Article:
P&H HC Upholds SEBI’s License Requirement For Analysts Sharing Inventory-Associated Data On Social Media

The Punjab and Haryana High Court has held that a requirement by the Securities & Exchange Board of India (SEBI) for its Research Analysts to obtain a license for sharing stock-related recommendations on social media is not violative of their Constitutional right to free speech and trade.

A Division Bench of Justices Ramchandra Rao and Harminder Singh Madaan held the requirement is in line with International Organizations of Security Commissions’ (IOSCO’s) objectives and principles of Securities Regulation- that the entities that offer investors analytical or evaluative services should be subject to oversight and regulation, appropriate to the impact their activities have on the market or the degree to which the regulatory system relies on them.

The petitioner is an expert in equity research and market assessment with an experience of over 14 years in the securities market. He registered himself with the SEBI as a Research Analyst. It is the grievance of the petitioner that the SEBI (Research Analyst) Regulations, 2014 place unreasonable restrictions by making it mandatory for the petitioner to take Licence/ Registration from the respondents to speak or write regarding listed stocks and for sharing stock-related recommendations with others and on social media.

He argued that the regulations deprive him of the fundamental right of freedom of speech and expression [Article 19(1)(a)]the right to practice the profession/business of his choice [Article 19(1)(g) and 19(6)]and also the right to liberty [Article 21].

He submitted that citizens have a right to receive information and ideas. Suppose the petitioner is prevented from exercising his right of free speech by making stock-related recommendations, in that case it will amount to denial to the general public of its right to receive information and ideas. He alleged that the restrictions imposed by the said Regulations do not fall within the ambit of reasonable restrictions [Article 19(2)].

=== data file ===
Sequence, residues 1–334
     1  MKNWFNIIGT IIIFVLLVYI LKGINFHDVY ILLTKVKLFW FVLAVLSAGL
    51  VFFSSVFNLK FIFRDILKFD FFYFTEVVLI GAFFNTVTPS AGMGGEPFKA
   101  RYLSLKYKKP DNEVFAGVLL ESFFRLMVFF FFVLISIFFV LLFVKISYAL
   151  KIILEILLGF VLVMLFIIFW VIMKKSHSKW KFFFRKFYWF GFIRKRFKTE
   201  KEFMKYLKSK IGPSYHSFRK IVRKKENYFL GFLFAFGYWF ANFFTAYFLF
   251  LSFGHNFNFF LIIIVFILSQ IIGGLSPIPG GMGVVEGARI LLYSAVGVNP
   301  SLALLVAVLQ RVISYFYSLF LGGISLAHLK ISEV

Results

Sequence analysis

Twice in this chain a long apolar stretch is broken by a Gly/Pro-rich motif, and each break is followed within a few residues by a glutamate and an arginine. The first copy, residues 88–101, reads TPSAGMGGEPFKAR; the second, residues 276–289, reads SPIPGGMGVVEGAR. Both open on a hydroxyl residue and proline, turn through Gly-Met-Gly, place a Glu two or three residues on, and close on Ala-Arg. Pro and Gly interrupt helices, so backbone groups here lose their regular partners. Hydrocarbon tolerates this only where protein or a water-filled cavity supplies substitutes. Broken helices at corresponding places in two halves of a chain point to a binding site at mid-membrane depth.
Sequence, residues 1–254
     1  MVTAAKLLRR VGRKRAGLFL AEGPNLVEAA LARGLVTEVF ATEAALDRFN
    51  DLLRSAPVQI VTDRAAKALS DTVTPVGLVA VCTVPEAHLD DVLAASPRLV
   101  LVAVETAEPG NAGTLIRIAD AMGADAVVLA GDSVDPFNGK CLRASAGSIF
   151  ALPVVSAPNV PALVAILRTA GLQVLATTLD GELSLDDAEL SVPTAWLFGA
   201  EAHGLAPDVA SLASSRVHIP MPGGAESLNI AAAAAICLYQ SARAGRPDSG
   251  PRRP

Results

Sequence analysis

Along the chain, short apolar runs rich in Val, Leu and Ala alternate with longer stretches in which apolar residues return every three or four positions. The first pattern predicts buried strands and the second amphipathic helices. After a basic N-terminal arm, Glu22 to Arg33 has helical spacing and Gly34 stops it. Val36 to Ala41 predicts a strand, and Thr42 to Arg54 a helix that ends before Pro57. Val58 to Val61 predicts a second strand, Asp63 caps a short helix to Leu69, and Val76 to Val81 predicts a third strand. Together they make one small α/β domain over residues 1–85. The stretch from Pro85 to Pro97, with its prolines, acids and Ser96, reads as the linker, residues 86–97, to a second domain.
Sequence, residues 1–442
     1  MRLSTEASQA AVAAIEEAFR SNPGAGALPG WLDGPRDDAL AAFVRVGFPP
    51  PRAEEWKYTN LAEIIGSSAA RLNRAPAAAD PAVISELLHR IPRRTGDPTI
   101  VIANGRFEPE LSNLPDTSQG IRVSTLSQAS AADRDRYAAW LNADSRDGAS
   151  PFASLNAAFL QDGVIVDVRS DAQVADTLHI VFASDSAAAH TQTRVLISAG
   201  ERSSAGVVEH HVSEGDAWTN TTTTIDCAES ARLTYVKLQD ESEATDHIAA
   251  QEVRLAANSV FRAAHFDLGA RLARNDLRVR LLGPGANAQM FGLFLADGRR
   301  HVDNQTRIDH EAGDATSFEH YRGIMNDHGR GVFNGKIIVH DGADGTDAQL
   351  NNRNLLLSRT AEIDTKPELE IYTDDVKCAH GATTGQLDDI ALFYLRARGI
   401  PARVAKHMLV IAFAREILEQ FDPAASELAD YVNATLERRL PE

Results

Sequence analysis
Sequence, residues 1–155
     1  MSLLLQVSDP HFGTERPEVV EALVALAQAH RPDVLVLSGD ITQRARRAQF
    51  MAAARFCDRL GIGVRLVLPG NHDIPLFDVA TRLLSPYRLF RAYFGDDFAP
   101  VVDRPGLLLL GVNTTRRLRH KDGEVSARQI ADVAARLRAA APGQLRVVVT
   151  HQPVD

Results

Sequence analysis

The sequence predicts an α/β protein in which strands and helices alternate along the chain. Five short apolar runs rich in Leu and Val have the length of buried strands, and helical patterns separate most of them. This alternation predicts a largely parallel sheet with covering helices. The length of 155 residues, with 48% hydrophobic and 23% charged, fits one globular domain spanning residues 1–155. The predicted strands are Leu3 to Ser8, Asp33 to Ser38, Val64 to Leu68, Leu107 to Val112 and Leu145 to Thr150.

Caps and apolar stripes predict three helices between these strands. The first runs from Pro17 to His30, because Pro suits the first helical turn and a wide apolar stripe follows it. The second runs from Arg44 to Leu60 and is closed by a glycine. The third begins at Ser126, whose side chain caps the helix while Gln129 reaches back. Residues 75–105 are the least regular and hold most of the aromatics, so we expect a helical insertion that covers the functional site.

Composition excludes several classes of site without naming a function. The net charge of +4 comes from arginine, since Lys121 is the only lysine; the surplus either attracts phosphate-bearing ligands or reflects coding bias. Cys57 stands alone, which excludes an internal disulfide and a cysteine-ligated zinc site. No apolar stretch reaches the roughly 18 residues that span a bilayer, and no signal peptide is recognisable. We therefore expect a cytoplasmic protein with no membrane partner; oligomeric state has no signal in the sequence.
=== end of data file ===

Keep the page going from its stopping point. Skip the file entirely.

It was also submitted that the regulations violated his right to equality [Article 14] Because there are many businesses in India where citizens are doing consultancy without regulation. Moreover, the impugned Regulations are also not in accordance with the Directive Principles of State Policy guaranteed by Part IV of the Constitution of India.

Judgment of the Court

The Court perused the regulations and held that the power to impose restrictions on fundamental rights is essentially a power to ‘regulate’ the exercise of these rights. “In fact, ‘regulation’ and not ‘extinction’ of what is to be regulated is generally the extent to which permissible restrictions may satisfy the test of reasonableness.”

It referred to the Supreme Court’s decision in Bennet Coleman, where it was held that the true test is whether the effect of the impugned action is to take away or abridge fundamental rights. It was held that where more than one fundamental right guaranteed by Part II of the Constitution is alleged to have been violated, the true test for determining the validity of a restriction is to see that against which of the freedoms the restriction is directly leveled.

The Court studied the definition of Research Analyst under Section 2(u) of the Regulations. It held that the true nature and character of the regulation suggest that there is no direct abridgement of the right of free speech.

“There might be only an incidental interference with the said right,” it said.

It held that the definition is indicative of ensuring that only professionally qualified people registered under regulations are engaged and associated with a Research Analyst to prepare research reports.

The Court held that this is intended to maintain the high quality and neutrality of the reports and to discourage people with sketchy or no knowledge of the subject from getting associated with the Research Analysts.

So far as the argument of Equality vix. other consultancy business is concerned, the High Court held,

“The fact that the Astrologers or Management consultants are allowed to give consultancy, and are not regulated, does not mean that Research Analysts who provided investors with information on the basis of which investment decisions are made, should also be excluded from regulation. So the plea based on Article 14 of the Constitution of India in that regard cannot be countenanced.

Case Title: Manish Goel v. Securities & Exchange Board of India Through its Chairman & Anr.

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